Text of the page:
According to the recently released ‘Defencer Command Paper’, the Type 32 frigates will be designed to protect territorial waters, to provide persistent presence overseas and to support Littoral Response Groups.
The first mention of a new Type 32 frigate came in the Prime Minister’s 19 November statement. He said: “We are going to develop the next generation of warships, including multi-role research vessels and Type 32 frigates.”
The Defence Command Paper, titled ‘Defence in a Competitive Age’, describes the planned programme:
“Type 32 frigates, designed to protect territorial waters, provide persistent presence overseas and support our Littoral Response Groups.”
The Type 32 was not mentioned in the Government’s 2017 shipbuilding strategy, which overhauled the way the MOD procures warships for the Royal Navy. Nor was it mentioned in the review of the strategy published in November 2019. Early speculation suggests they could be ‘batch II’ Type 31s, but not necessarily based on the Type 31 design. Several MPs have tabled questions on the Type 32.
In November 2020, the Ministry of Defence stated that the concept phase for the vessel had not yet been launched but added that the ship is currently envisioned as a “platform for autonomous systems”, used in roles such as anti-submarine warfare and mine countermeasures.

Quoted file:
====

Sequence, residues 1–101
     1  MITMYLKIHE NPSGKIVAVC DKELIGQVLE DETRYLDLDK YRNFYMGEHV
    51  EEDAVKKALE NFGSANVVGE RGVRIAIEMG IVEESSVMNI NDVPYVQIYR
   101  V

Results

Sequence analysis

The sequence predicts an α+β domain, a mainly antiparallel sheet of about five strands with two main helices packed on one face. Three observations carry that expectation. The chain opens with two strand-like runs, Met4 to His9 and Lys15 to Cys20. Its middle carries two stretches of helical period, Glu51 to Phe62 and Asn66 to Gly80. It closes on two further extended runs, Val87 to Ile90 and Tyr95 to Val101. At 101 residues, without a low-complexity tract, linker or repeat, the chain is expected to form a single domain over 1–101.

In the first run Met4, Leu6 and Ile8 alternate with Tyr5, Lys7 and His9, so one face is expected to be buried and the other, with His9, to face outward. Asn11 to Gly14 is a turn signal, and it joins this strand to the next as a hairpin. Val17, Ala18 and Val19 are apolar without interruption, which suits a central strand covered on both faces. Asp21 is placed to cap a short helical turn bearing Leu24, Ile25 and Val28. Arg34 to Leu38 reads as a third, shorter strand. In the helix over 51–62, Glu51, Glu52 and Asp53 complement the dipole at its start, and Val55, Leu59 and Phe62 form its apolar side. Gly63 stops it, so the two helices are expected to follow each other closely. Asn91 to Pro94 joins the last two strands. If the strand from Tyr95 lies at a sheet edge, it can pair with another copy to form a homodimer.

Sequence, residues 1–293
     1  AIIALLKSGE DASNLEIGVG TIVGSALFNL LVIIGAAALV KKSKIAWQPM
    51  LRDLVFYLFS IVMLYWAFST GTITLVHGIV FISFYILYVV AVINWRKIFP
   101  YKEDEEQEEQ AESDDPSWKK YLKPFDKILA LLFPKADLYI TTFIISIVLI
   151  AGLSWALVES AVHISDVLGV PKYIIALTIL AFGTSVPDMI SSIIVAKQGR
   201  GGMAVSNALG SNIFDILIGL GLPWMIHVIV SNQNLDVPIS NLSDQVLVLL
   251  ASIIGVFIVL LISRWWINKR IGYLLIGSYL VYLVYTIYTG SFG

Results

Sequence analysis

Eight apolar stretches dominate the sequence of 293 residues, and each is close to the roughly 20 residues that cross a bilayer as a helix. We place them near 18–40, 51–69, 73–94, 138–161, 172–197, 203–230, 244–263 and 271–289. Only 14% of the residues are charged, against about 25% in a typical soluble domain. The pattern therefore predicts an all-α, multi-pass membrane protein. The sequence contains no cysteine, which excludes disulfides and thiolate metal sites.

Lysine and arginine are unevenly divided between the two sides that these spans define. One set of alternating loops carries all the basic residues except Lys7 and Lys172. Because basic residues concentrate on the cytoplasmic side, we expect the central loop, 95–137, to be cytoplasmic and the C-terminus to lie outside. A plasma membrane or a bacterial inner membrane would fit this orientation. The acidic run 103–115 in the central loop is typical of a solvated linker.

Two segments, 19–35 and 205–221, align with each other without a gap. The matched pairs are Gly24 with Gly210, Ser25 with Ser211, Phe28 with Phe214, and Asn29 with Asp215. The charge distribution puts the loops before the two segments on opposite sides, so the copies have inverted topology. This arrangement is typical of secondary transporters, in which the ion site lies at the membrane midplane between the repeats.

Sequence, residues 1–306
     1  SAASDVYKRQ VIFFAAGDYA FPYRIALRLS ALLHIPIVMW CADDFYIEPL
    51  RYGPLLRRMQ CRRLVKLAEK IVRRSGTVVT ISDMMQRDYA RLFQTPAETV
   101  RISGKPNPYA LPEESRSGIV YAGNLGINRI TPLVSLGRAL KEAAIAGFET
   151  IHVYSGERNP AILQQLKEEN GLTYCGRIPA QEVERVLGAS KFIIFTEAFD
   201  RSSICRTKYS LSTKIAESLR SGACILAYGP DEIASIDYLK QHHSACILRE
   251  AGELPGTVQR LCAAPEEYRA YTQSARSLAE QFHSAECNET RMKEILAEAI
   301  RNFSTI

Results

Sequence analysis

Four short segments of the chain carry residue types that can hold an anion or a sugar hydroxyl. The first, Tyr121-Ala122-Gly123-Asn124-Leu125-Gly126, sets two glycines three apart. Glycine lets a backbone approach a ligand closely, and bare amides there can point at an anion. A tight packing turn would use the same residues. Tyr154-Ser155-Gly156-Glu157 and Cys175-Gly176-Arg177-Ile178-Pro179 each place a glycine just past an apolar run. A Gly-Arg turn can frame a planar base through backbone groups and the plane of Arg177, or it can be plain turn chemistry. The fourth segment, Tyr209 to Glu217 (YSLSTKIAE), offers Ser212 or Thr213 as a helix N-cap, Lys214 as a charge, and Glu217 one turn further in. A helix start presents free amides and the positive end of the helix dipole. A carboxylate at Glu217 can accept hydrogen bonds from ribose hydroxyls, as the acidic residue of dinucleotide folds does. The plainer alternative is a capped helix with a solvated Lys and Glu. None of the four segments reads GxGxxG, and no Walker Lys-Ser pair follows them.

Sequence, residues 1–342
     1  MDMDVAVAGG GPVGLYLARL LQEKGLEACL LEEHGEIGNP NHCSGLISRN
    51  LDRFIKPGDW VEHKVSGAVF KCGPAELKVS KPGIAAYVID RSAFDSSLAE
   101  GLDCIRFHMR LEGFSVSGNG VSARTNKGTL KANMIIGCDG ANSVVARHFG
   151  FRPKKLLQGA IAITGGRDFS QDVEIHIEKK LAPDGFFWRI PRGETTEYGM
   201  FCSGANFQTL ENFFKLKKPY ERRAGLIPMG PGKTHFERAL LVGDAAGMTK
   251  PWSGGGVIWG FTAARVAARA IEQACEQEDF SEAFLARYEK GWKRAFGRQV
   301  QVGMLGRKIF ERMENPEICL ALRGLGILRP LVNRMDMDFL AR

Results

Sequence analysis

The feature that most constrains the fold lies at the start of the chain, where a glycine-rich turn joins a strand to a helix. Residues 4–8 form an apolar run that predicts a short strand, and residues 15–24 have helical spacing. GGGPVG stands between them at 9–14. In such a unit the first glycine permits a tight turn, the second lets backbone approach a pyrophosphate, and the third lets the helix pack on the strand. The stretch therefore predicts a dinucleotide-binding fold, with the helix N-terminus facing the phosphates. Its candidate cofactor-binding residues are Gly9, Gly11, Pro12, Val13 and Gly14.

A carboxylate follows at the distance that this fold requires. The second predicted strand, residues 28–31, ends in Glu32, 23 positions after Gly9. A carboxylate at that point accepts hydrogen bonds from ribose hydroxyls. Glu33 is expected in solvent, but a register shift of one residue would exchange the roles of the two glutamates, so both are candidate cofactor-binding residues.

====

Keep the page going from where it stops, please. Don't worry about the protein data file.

What was the Ministry of Defence already planning for?
Before Type 32, the plan was for only two new classes of frigates.
Type 26 frigates
These will replace the specialist anti-submarine warfare (ASW) Type 23 frigates currently in service.
The Ministry of Defence has committed to buying eight Type 26 frigates and signed a contract for the first three in July 2017. The ships will be built at BAE Systems’ shipyards on the Clyde. The first in the City Class, HMS Glasgow, has an in-service date of 2027. The MOD says it expects to sign a contract for the second batch of five Type 26 frigates in the early 2020s.
Type 31 frigates
These will be general-purpose frigates to replace the non-ASW Type 23s. The MoD signed a contract with Babcock for five ships in November 2019. Manufacture will begin in 2021 with an in-service date of 2027. The overall programme cost is expected to be £2bn.